The Mistakes, Myths and Truths About Accountability
This book review originally appeared in Baltimore and Washington SmartCEO Magazine November 2010 issue.
Stop for a moment and ask yourself, “What is the most important driver of success in great companies?” Go ahead, jot down a few ideas. If you’re like most people, you’ve probably written things down like great products, great marketing, word-of-mouth or luck.
One of the most overlooked success drivers is developing a culture of accountability. In my experience, accountability, or more appropriately the lack of it, is the biggest reason businesses fail to reach their potential. Millions of dollars of income and billions of dollars of valuation are lost within small and mid-market growth companies because of a lack of accountability.
Accountability is more than simply doing what you say you’re going to do (though that is a key component). Accountability is a comprehensive approach that ensures all aspects of communication – both internally and externally – are completely aligned with intent and, further, that all action aligns with desired intent as well. There is probably nothing more complicated – or more valuable – than creating a culture of accountability.
It is for this reason that any time a book comes along promising meaningful insight into creating and maintaining accountability, I jump on it. While on vacation this summer, I came across just that. Roger Connors and Tom Smith have been writing about accountability for years, most notably in the their previous bestseller The Oz Principle.
In their newest book, How Did That Happen: Holding People Accountable for Results the Positive, Principled Way, Connors and Smith take concepts that have previously focused on creating individual accountability and apply them to creating organizational accountability. The authors have been consulting with corporate America for many years and promise to provide readers with a comprehensive how-to manual for creating accountability in any organization. They achieve about half of the promise.
Connors and Smith share a simple four-step process for effectively establishing expectations. Establishing clear expectations, as the authors point out, is the critical first step in establishing accountability. Without clear expectations, you have no chance to create real alignment.
The first step in the process is forming the expectation. Mark Twain once said, “Great communications isn’t about communicating so that you can be understood; it’s about communicating so that you can not be misunderstood.” The same is true when it comes to establishing expectations.
The difficulty associated with creating this type of clarity is probably the main reason that that vast majority of people tend to overlook this step and jump right into action. While forming expectations can be difficult, the time spent creating clarity will return at least a five-fold factor.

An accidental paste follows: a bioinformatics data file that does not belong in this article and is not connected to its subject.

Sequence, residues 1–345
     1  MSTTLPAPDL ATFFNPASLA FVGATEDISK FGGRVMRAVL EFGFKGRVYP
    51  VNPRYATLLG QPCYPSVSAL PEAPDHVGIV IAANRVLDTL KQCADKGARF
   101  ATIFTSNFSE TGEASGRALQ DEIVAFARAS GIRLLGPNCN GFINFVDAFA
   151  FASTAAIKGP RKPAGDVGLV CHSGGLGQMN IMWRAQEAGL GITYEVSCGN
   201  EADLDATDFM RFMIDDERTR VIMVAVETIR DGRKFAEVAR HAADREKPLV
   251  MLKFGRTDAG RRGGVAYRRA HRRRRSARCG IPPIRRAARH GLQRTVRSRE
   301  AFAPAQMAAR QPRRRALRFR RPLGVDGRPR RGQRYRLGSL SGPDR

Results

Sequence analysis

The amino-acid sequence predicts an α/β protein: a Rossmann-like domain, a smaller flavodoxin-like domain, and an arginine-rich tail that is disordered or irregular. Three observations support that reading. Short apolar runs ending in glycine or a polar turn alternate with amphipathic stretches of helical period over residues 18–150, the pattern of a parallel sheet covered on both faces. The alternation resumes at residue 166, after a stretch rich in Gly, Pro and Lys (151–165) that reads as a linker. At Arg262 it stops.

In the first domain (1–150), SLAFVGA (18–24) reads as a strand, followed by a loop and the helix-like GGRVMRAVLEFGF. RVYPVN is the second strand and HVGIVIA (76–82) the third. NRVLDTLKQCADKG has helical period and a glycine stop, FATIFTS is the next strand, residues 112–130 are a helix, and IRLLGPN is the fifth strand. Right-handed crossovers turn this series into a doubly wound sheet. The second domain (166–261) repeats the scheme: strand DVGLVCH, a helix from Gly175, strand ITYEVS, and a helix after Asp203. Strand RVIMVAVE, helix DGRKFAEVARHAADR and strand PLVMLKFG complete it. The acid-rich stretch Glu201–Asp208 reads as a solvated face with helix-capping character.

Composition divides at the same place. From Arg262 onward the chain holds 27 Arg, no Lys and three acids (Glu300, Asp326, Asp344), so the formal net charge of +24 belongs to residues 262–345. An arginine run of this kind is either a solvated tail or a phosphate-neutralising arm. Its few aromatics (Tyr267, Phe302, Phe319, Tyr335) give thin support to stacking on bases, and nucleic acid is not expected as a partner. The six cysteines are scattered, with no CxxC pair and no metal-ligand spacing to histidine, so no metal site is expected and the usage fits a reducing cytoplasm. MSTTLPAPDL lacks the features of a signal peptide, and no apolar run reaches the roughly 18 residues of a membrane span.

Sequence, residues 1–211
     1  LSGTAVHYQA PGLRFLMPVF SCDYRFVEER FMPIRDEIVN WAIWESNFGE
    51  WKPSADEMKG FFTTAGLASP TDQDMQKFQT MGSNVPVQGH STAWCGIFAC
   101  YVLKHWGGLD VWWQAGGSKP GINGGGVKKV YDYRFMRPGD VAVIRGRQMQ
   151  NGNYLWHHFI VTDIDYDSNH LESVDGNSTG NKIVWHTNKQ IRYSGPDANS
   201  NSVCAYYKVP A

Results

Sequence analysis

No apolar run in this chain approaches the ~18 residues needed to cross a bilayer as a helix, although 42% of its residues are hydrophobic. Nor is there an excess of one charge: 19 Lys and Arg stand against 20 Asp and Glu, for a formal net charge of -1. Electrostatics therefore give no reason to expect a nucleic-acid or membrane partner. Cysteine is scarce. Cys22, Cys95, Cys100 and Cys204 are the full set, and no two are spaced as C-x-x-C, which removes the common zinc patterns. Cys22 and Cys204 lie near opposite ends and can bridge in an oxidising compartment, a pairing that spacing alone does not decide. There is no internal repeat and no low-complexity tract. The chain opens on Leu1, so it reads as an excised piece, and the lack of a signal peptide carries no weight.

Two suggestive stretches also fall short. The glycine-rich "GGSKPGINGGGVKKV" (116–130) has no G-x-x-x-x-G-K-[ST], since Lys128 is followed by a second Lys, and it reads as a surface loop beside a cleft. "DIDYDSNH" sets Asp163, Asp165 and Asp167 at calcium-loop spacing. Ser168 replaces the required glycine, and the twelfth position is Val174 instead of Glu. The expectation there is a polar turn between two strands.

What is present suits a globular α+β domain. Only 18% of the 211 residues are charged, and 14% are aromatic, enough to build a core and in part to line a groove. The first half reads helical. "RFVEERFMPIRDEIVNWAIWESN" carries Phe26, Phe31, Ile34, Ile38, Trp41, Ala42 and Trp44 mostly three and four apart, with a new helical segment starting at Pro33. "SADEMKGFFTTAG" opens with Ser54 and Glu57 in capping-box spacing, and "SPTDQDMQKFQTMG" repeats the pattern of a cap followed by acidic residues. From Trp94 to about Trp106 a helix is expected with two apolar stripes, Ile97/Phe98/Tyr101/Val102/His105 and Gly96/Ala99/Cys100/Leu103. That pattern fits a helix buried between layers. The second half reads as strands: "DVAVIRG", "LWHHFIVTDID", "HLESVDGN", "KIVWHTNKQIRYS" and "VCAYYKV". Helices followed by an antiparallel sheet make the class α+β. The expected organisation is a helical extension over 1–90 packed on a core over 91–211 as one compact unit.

Connors and Smith point out that this type of clarity is required up and down the “expectations chain.” That means anybody involved in creating the desire result needs to be considered – whether their position is above yours, several levels below yours, or even outside your organization through the vendors you use.
To make the effort easier, the authors provide the acronym “FORM” – Frame-able, Obtainable, Repeatable and Measurable.
The second step in the process is to clearly communicate the expectations. Communicating why the expectations are important is every bit as important as communicating the desired results. While you can certainly “command” certain actions, in today’s hectic, change-constant world, it is important that you enroll people’s hearts as well as their heads. When people clearly understand why something is important, they are far more capable of adjusting on their own as circumstances dictate.
The third step in the process is to ensure they are aligned. “When it comes to achieving key expectations, it is important to recognize that there are different levels of alignment. The high level that brings full ownership and personal investment is what we call ‘Complete Alignment.’ All other levels of alignment, with their lower level of buy-in, fall into the category that we call ‘Complyment.’”
It is my experience that the vast majority of small and mid-size business executives confuse “complyment” with “complete alignment.” This mistake is the primary reason that managers often complain about employees’ commitment.
The final step in setting clear expectations is to inspect. As the saying goes, “inspect what you expect.” Probably the biggest surprise I’ve had working with small and mid-market growth companies is just how little they inspect their expectations. Some of this is on account of simple laziness, but a bigger cause is the apparent fear that executives have that they may turn off their top performers by “micro-managing” them. As the authors point out, the reality is quite the opposite.
With the challenges coming your way, creating a culture of accountability will no longer be an optional advantage for businesses, but a critical “ticket to the ball game.”